Oh, yes. Now we have it. A lot of social media fetisjists will take the question if every business needs Twitter as a wonderful opportunity to tell you beautiful stories about Twitter’s rise of numbers and users, the way they’ve managed to get things done just by asking on Twitter, blablabla. Of course, being on Twitter could help you as a company. But for wat, exactly? How necessary is a Twitter-account for good customer service? Inbox did a survey, Christopher Elliott made a fine analysis on that piece of research and asked some good questions (source: via Twitter of course).
The conventional wisdom is that a company just NEEDS a Twitter account for good customer service, Elliott says. He’s probably right, if we don’t define good customer service just yet. Some companies, for instance, will find it a very hard job to do good customer service for their clients via Twitter. Think of banks, think of insurance companies, or every other company that has to work with highly confidential clientdata. They need other channels, like a callcenter.
The Inbox survey found nearly 60 percent of Twitter users said they would be more likely to follow a brand that answered them, and 64 percent said they would be more likely to make a purchase from that brand. So, a company that is conversational, or a company that has implemented a true listening culture (for example via Twitter) is doing a better job in breaking the walls between consumer and company. The Inbox-poll shows that customers go to Twitter with service-related questions. The top questions queries:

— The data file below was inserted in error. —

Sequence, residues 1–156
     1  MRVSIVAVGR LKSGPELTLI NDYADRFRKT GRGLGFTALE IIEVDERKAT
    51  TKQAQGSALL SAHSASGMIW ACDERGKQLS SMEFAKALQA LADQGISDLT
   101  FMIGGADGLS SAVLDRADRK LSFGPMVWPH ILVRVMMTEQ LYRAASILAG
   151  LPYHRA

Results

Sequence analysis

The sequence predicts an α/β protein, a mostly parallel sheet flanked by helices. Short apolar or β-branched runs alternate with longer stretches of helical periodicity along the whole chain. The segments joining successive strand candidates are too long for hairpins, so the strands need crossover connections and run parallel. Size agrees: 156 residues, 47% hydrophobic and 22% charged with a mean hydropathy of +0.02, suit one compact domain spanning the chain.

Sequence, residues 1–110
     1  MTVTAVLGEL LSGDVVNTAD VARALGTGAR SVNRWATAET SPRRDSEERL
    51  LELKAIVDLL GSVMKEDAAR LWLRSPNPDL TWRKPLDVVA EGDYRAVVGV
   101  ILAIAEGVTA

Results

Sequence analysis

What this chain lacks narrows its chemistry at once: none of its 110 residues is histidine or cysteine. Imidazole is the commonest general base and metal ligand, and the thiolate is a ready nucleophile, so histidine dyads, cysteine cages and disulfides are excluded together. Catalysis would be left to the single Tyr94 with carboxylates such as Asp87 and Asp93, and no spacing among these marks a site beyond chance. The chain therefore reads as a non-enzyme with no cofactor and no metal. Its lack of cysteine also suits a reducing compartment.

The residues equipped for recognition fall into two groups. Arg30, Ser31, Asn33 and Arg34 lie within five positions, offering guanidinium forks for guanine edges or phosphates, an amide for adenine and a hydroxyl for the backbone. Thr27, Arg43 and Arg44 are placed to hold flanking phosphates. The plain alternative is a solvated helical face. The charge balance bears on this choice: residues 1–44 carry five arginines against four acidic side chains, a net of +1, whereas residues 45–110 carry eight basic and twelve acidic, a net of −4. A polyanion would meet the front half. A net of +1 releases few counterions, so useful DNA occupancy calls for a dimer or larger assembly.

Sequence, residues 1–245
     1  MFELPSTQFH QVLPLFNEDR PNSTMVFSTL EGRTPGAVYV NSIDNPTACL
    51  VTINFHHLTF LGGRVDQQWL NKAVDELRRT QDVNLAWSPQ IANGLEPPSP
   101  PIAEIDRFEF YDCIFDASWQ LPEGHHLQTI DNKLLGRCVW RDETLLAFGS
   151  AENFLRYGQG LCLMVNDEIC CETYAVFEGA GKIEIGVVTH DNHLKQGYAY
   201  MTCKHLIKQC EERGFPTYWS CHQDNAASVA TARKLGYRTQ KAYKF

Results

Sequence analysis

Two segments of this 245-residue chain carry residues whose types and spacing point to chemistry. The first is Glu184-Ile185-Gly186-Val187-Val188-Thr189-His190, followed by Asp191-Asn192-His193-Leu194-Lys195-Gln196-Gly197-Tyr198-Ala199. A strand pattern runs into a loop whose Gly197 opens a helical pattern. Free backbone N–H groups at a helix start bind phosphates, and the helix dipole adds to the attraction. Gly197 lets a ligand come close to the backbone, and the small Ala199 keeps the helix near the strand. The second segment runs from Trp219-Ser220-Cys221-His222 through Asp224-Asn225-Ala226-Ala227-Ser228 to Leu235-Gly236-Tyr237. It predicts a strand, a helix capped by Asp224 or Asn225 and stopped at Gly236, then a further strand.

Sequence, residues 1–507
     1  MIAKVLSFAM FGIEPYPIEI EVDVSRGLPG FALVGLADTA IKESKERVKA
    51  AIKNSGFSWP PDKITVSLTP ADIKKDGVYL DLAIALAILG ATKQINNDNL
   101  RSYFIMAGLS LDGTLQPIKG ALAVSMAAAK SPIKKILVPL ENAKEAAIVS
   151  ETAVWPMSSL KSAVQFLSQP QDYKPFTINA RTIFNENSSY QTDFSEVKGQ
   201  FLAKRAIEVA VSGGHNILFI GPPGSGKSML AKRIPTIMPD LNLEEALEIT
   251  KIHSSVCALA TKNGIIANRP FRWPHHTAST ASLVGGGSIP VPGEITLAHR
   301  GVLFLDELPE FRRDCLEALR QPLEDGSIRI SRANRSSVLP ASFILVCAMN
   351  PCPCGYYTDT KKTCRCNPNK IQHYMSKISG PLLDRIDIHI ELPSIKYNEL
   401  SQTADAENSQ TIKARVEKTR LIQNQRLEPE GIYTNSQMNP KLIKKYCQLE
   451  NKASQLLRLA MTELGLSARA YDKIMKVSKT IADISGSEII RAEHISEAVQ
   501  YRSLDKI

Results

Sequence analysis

1. Product recommendations and advice
2. Tech support
3. Local suggestions
“Wouldn’t a Twitter account be a distraction, if not a drain on a company’s resources? And could you automatically assume that in the absence of a Twitter account, that it doesn’t care about customer service? [I’m not at all convinced that Twitter is necessary to provide good customer service, or that not having a Twitter account means you don’t care.”